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Obama gets a blast out of Arizona teen’s ‘marshmallow cannon’ at White House science fair

President Barack Obama reacts as Phoenix teen Joey Hudy launches a marshmallow from his Extreme Marshmallow Cannon in the State Dining Room during the second annual White House Science Fair, which honors student winners of science, tech, engineering and math (STEM) competitions from across the country. (Photo by REUTERS/Kevin Lamarque)

WASHINGTON – Before he presented his Extreme Marshmallow Cannon at the White House on Tuesday, staffers urged 14-year-old Joe Hudy of Phoenix not to encourage President Obama.

But when the commander in chief asks to fire your science project, “You really can’t say no,” Joe said.

That’s how the eighth-grader from Canyon Springs School found himself blasting marshmallows across the State Dining Room on Tuesday as part of the administration’s second annual White House science fair.

“The Secret Service is going to be mad at me about this,” said Obama, who asked reporters to step aside before helping pump up the cannon and then letting Joe fire his invention, which can shoot the sweet snacks as far as 176 feet.

Joe was the first of 100 students from around the country to present his inventions to Obama at the second science fair, an occasion the president used to recognize academic achievement as well as announce new education initiatives, including a call to train more science and math teachers.

“I didn’t really picture I would end up like this, so I thought it was pretty amazing,” said Joe, who described his visit with the president as both “kind of scary and fun at the same time.”

Joe, whose marshmallow cannon is taller than he is, was invited to the event after winning two editors’ choice awards from Maker Faire, which bills itself as the world’s largest do-it-yourself festival.

“It was just amazing that the whole thing was even happening,” said Joe’s mom, Julie, who watching on line from a building next to the White House as her son showed his work to the president. “I think it’ll take a couple of days to really realize that it happened.”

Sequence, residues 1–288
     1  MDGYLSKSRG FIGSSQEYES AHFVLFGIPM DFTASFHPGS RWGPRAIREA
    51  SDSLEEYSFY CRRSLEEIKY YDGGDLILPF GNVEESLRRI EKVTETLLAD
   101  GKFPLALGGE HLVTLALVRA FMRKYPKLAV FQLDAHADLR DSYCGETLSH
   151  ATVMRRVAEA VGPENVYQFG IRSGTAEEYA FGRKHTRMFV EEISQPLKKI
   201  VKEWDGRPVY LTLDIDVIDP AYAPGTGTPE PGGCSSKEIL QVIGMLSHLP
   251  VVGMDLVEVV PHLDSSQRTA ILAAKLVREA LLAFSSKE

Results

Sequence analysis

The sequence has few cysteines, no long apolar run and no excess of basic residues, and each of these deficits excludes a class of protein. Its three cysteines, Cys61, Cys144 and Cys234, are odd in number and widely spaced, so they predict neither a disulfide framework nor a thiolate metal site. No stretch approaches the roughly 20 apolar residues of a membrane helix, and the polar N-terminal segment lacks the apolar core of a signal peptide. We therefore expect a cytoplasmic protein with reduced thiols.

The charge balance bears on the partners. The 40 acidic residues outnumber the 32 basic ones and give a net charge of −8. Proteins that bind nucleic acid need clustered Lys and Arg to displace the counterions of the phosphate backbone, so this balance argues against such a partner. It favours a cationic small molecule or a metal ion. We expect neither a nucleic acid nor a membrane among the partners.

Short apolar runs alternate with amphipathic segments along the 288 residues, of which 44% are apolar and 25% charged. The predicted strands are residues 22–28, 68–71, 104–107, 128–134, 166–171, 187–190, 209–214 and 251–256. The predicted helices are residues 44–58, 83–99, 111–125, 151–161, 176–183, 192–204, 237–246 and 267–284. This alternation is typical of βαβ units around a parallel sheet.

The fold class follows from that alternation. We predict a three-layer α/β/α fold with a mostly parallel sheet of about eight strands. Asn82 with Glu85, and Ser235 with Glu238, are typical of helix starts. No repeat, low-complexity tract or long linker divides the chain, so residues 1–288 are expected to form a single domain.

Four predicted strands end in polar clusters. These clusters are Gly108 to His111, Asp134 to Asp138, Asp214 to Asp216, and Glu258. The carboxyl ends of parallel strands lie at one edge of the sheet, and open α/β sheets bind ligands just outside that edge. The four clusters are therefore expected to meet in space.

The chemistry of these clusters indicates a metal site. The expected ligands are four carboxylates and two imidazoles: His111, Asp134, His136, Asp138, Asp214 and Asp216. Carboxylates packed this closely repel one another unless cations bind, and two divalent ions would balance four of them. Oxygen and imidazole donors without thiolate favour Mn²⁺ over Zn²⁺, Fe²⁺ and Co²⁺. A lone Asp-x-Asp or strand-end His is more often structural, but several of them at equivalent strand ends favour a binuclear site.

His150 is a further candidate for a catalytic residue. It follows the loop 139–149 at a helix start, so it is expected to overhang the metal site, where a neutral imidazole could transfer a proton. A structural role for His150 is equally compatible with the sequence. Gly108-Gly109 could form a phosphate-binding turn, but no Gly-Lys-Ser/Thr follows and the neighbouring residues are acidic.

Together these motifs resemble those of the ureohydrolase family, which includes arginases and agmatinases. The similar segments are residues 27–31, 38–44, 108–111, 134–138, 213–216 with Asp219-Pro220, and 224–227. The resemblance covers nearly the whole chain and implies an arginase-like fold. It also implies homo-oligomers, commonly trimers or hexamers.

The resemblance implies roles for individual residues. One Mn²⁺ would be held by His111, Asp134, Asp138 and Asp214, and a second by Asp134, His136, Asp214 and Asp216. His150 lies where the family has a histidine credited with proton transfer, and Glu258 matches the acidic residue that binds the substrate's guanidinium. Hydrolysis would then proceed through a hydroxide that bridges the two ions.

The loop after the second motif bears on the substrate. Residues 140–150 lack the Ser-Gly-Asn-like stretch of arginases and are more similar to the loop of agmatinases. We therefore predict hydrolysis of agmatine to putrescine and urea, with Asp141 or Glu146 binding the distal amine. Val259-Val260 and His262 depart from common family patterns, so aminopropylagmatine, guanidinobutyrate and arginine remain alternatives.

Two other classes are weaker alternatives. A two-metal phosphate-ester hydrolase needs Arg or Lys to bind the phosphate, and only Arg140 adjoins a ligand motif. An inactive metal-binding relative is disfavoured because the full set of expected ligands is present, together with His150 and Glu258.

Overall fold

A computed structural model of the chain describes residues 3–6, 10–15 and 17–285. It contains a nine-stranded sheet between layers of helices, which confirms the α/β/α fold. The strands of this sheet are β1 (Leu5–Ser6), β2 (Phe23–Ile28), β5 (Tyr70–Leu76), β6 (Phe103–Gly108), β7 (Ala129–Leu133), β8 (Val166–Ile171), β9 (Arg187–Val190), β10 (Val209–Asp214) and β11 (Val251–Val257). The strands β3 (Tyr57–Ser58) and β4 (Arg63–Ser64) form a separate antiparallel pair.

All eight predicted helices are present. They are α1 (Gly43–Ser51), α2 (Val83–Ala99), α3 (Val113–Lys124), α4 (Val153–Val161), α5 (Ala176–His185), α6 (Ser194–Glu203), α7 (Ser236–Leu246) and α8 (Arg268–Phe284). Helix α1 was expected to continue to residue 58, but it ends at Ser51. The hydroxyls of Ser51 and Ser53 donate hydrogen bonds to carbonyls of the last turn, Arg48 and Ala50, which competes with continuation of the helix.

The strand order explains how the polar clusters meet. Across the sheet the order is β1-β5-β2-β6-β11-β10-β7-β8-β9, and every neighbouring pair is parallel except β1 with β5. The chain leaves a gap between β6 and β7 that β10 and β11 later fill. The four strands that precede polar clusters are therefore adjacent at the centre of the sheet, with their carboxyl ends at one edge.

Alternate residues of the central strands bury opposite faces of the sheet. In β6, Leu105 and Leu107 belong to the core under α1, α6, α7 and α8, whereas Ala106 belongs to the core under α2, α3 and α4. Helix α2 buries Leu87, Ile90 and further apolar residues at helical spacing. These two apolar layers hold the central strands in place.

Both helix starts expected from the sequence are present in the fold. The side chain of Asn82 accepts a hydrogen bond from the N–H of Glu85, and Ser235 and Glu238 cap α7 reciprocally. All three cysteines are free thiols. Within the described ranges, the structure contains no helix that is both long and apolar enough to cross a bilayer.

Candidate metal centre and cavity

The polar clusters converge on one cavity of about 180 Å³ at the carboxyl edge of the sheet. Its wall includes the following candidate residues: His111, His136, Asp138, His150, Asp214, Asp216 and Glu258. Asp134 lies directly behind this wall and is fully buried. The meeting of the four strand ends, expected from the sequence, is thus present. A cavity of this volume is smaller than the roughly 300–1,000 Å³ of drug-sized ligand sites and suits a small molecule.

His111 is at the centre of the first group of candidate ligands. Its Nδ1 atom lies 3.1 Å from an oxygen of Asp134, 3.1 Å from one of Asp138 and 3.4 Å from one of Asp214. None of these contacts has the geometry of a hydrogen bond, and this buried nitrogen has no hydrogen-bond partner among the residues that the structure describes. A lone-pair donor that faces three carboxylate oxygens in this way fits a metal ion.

She said Joe has been building and taking things apart his entire life, but she never thought his work would get him to the White House. Joe, who speaks in short sentences, wasn’t shy about expressing his excitement about the trip. He thought his parents were pranking him when they told him the president wanted to meet him.

“At first I thought my parents were lying to me,” he said. “But then further on I realized, ‘Oh jeez, it’s real.’”

It was Joe’s his first visit to the nation’s capital. After their White House visit, the Hudys went to Capitol Hill to meet with Rep. Ben Quayle, R-Phoenix.

Besides the cannon, Joe also displayed his LED Cube Microcontroller Shield at the White House event. He sells the cubes – which can be programmed to light up in various different patterns – online through a small business he started called Look What Joey’s Making. His parents handle the company’s finances, but all the money goes back to funding Joe’s projects and trips to more Maker Faires.

For his next invention, Joe said he plans to build an electro-luminescent wire shield – or a wire that lights up. Picture the lights on a Tron suit, said one of the people traveling with Joe.

“I’ve always liked doing electronics,” said Joe, whose dream is to be an electrical engineer when he grows up.

“He already is my engineer,” his mother said.

But it was compressed air, not electronics, that captured Obama’s attention Tuesday.

As they watched Joe and the president pump the cannon, Julie Hudy said she and her husband grew nervous.

“All I kept thinking was, ‘The chandelier is going to break,’” she said. “That part was a little nerve-racking.”

The marshmallow shot across the State Dining Room, but hit a wall safely – though it narrowly missed a window.

“It was a blast,” Joe said. “I was not expecting that.”

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